Why the interest? Several reasons but one of the prominent ones is that the supernova was behind a large quantity of interstellar medium in m82.  The supernova suffers interstellar extinction, with a reddening of at least one magnitude.[17]

Since the Type Ia supernova has a very predictable and calculable luminosity The degree of light extinction from M82 dust blocking SN 2014J reduces its value as an observational prototype for Type Ia supernovae, but makes it a powerful probe of the interstellar medium of M82.

There was a bit of research done to see if they could identify the star that caused it with archival information in hopes of learning more, but since it is a white dwarf it’s highly unlikely that they will find it.[18] [19] [20]

THE PICTURES!

I know I kinda went into a tizzy there trying to make sure you all understand how moments this was that I got to be a part of those that captured this image who knows maybe some researcher will be looking for information on the subject. . and since my photos are better than a few university Observatories. . .which would be a good enough reason to hire me wouldn’t it?

SN 2014J in M87 that I photographed in the high deserts of Nevada
SN 2014J in M82 that I photographed in the high deserts of Nevada

I did this using my Celestron 6SE, and my Orion Star Shoot color camera. This was unguided and and a layer of 35, 60, and 90 second exposures. as you can tell I reached my upper limit of being unguided as the image suffered slight streaking from movement. Hey it was unguided. . did I mention it’s still better than their photo? I used a wedge and took these while in the back yard in Fernley Nevada. I also had very clear seeing conditions and as my notes mentioned it was cold and clear. The Image was processed in Photoshop to merge the images to one photo.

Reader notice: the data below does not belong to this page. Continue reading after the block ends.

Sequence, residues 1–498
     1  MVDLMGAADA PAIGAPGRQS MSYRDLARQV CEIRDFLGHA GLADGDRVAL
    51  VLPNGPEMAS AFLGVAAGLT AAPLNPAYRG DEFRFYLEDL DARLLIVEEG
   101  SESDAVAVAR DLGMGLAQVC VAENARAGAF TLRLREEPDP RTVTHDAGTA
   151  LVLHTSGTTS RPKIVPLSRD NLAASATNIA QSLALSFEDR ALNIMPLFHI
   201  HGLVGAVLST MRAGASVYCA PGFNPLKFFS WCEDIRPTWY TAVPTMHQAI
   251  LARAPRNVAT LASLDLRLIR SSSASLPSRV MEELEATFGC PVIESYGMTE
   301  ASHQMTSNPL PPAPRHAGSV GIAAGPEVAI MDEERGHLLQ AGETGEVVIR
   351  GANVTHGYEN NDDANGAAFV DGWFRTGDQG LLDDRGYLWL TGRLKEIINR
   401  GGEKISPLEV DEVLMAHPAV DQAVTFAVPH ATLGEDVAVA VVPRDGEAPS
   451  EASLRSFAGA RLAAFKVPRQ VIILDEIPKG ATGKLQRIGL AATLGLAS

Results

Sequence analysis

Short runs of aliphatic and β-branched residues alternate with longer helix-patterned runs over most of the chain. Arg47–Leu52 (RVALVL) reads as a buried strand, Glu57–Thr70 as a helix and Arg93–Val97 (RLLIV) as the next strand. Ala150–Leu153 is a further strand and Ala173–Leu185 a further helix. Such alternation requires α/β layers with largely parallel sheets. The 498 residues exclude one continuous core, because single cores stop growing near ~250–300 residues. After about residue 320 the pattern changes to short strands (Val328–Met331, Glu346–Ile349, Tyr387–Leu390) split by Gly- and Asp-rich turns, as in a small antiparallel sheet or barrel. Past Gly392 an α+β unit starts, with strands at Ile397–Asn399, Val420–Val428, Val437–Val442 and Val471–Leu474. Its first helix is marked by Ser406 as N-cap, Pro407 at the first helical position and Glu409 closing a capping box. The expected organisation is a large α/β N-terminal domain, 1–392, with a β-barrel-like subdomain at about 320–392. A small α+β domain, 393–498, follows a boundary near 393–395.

Not only did I get a great photo of the Cigar Galaxy, M82, but I also got a memorable event of the supernova as well! Simbad entry here

Observation data (J2000 epoch)
Constellation Ursa Major
Right ascension 09h 55m 52.2s
Declination +69° 40′ 47″
Redshift 203 ± 4 km/s
Distance 11.4-12.4 Mly (3.5-3.8 Mpc)
Type I0
Size (ly) ~37,000ly in diameter
Apparent dimensions (V) 11′.2 × 4′.3
Apparent magnitude (V) 8.41
Notable features Edge on starburst galaxy

References:

  1. Barker, S.; de Grijs, R.; Cerviño, M. (2008). “Star cluster versus field star formation in the nucleus of the prototype starburst galaxy M 82”. Astronomy and Astrophysics 484 (3): 711–720. arXiv:0804.1913. Bibcode:2008A&A…484..711B. doi:10.1051/0004-6361:200809653.
  2. “Supernova SN 2014J”. Observation Logbook. Carleton University. 22 January 2014. Retrieved 27 January 2014. This is the closest type Ia supernova observed in the last 40 years.
  3. “Nearby supernova dazzles astronomers”. BBC News. 23 January 2014. Retrieved 23 January 2014. the closest supernova to Earth that has been seen in decades
  4. “Supernova in Messier 82 discovered by UCL students” (Press release). University College London. 22 January 2014. Retrieved 23 January 2014.
  5. Lucas, Laursen (22 January 2014). “Supernova erupts in nearby galaxy”. Nature News. doi:10.1038/nature.2014.14579. Retrieved 23 January 2014.
  6. HubbleSite – Dark Energy – Type Ia Supernovae
  7. Yoon, S.-C.; Langer, L. (2004). “Presupernova Evolution of Accreting White Dwarfs with Rotation”. Astronomy and Astrophysics 419 (2): 623. arXiv:astro-ph/0402287. Bibcode:2004A&A…419..623Y. doi:10.1051/0004-6361:20035822. Retrieved 2007-05-30.